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PIA07784: Cassini’s Best Maps of Jupiter (South Polar Map) March 31, 2006

Posted by jtintle in Jupiter, NASA, Space Fotos.
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Cassini's Best Maps of Jupiter (South Polar Map) These color maps of Jupiter were constructed from images taken by the narrow-angle camera onboard NASA's Cassini spacecraft on Dec. 11 and 12, 2000, as the spacecraft neared Jupiter during its flyby of the giant planet. Cassini was on its way to Saturn. They are the most detailed global color maps of Jupiter ever produced; the smallest visible features are about 120 kilometers (75 miles) across. For other maps see PIA07782 and PIA07783.The maps are composed of 36 images: a pair of images covering Jupiter's northern and southern hemispheres was acquired in two colors every hour for nine hours as Jupiter rotated beneath the spacecraft. Although the raw images are in just two colors, 750 nanometers (near-infrared) and 451 nanometers (blue), the map's colors are close to those the human eye would see when gazing at Jupiter.The maps show a variety of colorful cloud features, including parallel reddish-brown and white bands, the Great Red Spot, multi-lobed chaotic regions, white ovals and many small vortices. Many clouds appear in streaks and waves due to continual stretching and folding by Jupiter's winds and turbulence. The bluish-gray features along the north edge of the central bright band are equatorial "hot spots," meteorological systems such as the one entered by NASA's Galileo probe. Small bright spots within the orange band north of the equator are lightning-bearing thunderstorms. The polar regions shown here are less clearly visible because Cassini viewed them at an angle and through thicker atmospheric haze.

The round maps are polar stereographic projections that show the north or south pole in the center of the map and the equator at the edge.

The Cassini-Huygens mission is a cooperative project of NASA, the European Space Agency and the Italian Space Agency. The Jet Propulsion Laboratory, a division of the California Institute of Technology in Pasadena, manages the mission for NASA's Science Mission Directorate, Washington, D.C. The Cassini orbiter and its two onboard cameras were designed, developed and assembled at JPL. The imaging operations center is based at the Space Science Institute in Boulder, Colo.

For more information about the Cassini-Huygens mission visit http://saturn.jpl.nasa.gov/home/index.cfm. The Cassini imaging team homepage is at http://ciclops.org.

Image Credit:
NASA/JPL/Space Science Institute

Doomed Star Eta Carinae March 26, 2006

Posted by jtintle in APoD, Deep Space, Eta Carinae, NASA, Space Fotos.
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See Explanation.  Clicking on the picture will download the highest resolution version available.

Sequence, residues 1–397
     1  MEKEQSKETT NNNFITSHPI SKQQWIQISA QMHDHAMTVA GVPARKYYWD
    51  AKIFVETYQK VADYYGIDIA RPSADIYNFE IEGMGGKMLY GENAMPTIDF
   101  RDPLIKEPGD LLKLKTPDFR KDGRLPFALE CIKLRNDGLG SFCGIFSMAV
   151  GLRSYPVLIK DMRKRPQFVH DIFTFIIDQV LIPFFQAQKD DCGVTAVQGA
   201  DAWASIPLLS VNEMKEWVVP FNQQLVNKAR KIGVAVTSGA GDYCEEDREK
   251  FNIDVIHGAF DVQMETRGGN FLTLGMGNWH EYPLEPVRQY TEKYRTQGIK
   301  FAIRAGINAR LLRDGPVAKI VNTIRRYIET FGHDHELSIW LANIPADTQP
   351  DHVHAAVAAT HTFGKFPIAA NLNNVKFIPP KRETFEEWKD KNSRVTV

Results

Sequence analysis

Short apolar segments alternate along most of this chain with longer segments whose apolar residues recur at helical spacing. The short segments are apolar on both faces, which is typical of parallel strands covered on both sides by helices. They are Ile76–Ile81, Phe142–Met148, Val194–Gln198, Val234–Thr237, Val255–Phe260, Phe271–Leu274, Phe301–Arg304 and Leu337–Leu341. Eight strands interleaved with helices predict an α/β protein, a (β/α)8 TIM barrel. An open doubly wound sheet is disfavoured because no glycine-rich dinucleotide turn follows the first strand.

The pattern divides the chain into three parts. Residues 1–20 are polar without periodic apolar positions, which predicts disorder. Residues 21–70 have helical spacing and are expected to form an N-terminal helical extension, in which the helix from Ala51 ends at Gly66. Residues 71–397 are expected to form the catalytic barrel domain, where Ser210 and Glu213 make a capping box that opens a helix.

Credit: J. Morse (Arizona State U.), K. Davidson (U. Minnesota) et al., WFPC2, HST, NASA

Explanation: Eta Carinae may be about to explode. But no one knows when – it may be next year, it may be one million years from now. Eta Carinae‘s mass – about 100 times greater than our Sun – makes it an excellent candidate for a full blown supernova. Historical records do show that about 150 years ago Eta Carinae underwent an unusual outburst that made it one of the brightest stars in the southern sky. Eta Carinae, in the Keyhole Nebula, is the only star currently thought to emit natural LASER light. This image, taken in 1996, resulted from sophisticated image-processing procedures designed to bring out new details in the unusual nebula that surrounds this rogue star. Now clearly visible are two distinct lobes, a hot central region, and strange radial streaks. The lobes are filled with lanes of gas and dust which absorb the blue and ultraviolet light emitted near the center. The streaks remain unexplained. Will these clues tell us how the nebula was formed? Will they better indicate when Eta Carinae will explode?

When Roses Aren’t Red March 24, 2006

Posted by jtintle in APoD, Deep Space, Hubble Telescope, NASA, Space, Space Fotos.
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See Explanation.  Clicking on the picture will download the highest resolution version available.
Credit & Copyright: Jay Ballauer (All About Astro, 3RF)

Explanation: Not all roses are red of course, but they can still be very pretty. Likewise, the beautiful Rosette Nebula and other star forming regions are often shown in astronomical images with a predominately red hue – in part because the dominant emission in the nebula is from hydrogen atoms. Hydrogen’s strongest optical emission line, known as H-alpha, is in the red region of the spectrum, but the beauty of an emission nebula need not be appreciated in red light alone. Other atoms in the nebula are also excited by energetic starlight and produce narrow emission lines as well. In this gorgeous view of the Rosette’s central regions, narrow band images are combined to show emission from sulfur atoms in red, hydrogen in blue, and oxygen in green. In fact, the scheme of mapping these narrow atomic emission lines into broader colors is adopted in many Hubble images of stellar nurseries. This image spans about 50 light-years in the constellation Monoceros, at the 3,000 light-year estimated distance of the Rosette Nebula.